Researchers have discovered why scratching an itch may be so addictive.
Scratching impacts of various areas of the brain
A team from Wake Forest University in North Carolina used imaging technology to follow the changes that take place in the brain when we scratch.
Activity was reduced in areas associated with unpleasant emotions, and memories, but increased in an area associated with compulsive behaviour.
The Journal of Investigative Dermatology study raises hopes of new treatments for itching disorders.
For some people the irritation of an itch can be so intense that they scratch so hard they draw blood.
Among those who are most badly affected are people with eczema and those on kidney dialysis.
The researchers used functional magnetic resonance imaging (MRI) technology to monitor the brains of 13 volunteers while they were scratched on the lower leg with a small brush.
The scratching went on for 30 seconds and was then stopped for 30 seconds - for a total of about five minutes.
The results showed reduced activity in an area of the brain called the anterior cingulate cortex, which is linked to unpleasant sensory experiences, and in the posterior cingulate cortex, which is associated with memory.
When the volunteers reported the scratching was most intense, activity in these areas was at its lowest.
Lead researcher Dr Gil Yosipovitch said: "This is the first real scientific evidence showing that itch may be inhibited by scratching.
"We know scratching is pleasurable, but we haven't known why.
"It is possible that scratching may suppress the emotional components of itch and bring about its relief.
"Of course, scratching is not recommended because it can damage the skin.
"But understanding how the process works could lead to new treatments. For example, drugs that deactivate this part of the brain might be effective."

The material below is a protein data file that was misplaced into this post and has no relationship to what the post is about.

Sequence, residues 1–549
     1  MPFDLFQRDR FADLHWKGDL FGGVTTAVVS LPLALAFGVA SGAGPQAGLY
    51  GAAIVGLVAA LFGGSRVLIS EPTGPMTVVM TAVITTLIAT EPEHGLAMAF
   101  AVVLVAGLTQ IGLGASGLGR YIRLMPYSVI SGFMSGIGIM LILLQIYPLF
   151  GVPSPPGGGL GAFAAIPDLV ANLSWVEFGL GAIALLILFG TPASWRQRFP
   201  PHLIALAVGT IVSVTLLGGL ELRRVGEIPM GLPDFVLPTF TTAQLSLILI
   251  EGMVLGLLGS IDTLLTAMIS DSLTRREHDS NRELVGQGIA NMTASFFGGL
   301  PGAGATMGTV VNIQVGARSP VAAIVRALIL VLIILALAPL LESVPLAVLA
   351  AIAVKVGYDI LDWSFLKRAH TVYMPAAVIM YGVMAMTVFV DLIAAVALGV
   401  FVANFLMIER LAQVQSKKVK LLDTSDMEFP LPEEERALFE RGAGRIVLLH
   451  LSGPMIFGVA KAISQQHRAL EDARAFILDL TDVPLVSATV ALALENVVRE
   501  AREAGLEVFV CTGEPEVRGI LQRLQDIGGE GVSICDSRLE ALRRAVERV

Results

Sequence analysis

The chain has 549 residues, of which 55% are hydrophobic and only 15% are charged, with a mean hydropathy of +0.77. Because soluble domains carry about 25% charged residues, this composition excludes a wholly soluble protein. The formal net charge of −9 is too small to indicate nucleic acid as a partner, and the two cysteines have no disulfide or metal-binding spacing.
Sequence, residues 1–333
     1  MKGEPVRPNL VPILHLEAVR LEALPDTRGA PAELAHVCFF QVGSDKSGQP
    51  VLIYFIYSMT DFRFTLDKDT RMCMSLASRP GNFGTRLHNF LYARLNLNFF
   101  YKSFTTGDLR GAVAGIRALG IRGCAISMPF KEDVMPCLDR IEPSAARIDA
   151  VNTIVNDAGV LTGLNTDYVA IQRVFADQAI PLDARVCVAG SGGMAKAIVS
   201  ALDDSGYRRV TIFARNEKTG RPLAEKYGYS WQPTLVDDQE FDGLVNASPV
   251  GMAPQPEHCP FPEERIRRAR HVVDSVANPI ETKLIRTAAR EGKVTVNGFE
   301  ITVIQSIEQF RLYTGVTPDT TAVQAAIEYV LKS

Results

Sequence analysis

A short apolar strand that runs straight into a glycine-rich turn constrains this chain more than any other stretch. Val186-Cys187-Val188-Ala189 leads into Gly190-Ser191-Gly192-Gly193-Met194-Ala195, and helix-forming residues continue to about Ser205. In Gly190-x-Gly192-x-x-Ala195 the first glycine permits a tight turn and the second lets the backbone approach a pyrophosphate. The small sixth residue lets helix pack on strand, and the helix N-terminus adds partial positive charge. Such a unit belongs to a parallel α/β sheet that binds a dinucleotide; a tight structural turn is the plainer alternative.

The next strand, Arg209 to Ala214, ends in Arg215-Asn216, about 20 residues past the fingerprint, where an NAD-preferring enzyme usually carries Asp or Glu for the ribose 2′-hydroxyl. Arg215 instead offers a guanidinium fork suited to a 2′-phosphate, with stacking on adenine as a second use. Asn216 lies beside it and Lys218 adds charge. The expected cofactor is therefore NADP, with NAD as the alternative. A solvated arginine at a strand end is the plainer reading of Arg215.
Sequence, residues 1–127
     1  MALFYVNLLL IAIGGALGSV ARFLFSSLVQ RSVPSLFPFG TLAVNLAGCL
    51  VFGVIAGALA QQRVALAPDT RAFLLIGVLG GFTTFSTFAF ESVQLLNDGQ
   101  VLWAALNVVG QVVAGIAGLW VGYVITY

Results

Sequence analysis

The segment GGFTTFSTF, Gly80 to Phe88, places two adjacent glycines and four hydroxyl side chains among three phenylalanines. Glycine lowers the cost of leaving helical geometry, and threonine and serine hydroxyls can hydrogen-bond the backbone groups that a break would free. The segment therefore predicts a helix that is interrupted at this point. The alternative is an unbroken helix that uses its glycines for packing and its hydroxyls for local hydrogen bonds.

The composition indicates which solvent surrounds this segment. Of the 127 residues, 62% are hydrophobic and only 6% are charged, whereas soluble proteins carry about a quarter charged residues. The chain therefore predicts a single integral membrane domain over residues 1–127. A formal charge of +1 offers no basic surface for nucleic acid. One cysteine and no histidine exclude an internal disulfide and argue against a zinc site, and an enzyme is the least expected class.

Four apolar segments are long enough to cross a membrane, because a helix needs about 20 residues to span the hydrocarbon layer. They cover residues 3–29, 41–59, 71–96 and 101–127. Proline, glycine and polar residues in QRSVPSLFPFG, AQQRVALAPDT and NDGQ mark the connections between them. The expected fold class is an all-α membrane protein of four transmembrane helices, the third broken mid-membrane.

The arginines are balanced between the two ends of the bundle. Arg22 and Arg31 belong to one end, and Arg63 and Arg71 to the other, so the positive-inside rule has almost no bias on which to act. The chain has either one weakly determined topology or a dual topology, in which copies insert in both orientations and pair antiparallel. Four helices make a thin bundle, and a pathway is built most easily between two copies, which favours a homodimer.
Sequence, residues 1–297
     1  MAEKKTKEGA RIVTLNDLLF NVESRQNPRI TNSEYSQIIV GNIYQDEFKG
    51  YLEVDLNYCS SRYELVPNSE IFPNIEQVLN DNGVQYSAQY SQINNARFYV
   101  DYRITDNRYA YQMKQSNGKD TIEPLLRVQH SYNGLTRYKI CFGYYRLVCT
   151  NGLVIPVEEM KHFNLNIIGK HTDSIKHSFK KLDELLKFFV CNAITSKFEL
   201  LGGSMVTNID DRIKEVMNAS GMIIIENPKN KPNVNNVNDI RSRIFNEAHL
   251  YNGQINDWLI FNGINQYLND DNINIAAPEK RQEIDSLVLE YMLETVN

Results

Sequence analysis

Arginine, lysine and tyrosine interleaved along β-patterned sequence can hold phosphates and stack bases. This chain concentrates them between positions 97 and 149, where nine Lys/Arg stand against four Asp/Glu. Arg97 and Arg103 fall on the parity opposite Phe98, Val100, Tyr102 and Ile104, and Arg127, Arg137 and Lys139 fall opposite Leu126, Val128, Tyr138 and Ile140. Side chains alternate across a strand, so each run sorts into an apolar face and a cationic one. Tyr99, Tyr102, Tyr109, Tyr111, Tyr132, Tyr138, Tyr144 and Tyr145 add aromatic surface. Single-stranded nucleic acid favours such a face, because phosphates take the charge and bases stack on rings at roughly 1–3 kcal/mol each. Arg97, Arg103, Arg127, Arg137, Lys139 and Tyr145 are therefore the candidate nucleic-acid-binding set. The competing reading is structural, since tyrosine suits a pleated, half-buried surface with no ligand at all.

The study also found some areas of the brain were made more active by the scratching.
These included the secondary somatosensory cortex, a sensory area involved in pain, and the prefrontal cortex, which is associated with compulsive behaviour.
One drawback to the study is that the scratching occurred in the absence of itch. The researchers now plan to examine whether the same pattern of brain activity is produced when a chronic itch is scratched.
Dr Irene Tracey, an expert in pain at the University of Oxford, said effective new treatments for itching would be a significant advance, as the problem could be a debilitating for some people.
"I know of people who have been given morphine for pain relief, and have developed a facial itch that was so severe they have opted to come off the morphine and put up with the pain," she said.
Dr Tracey said identifying the areas of the brain affected by itching and scratching could potentially lead to new treatments.
However, she said cognitive behaviour therapy designed to impact on the relevant areas was likely to be the most productive approach.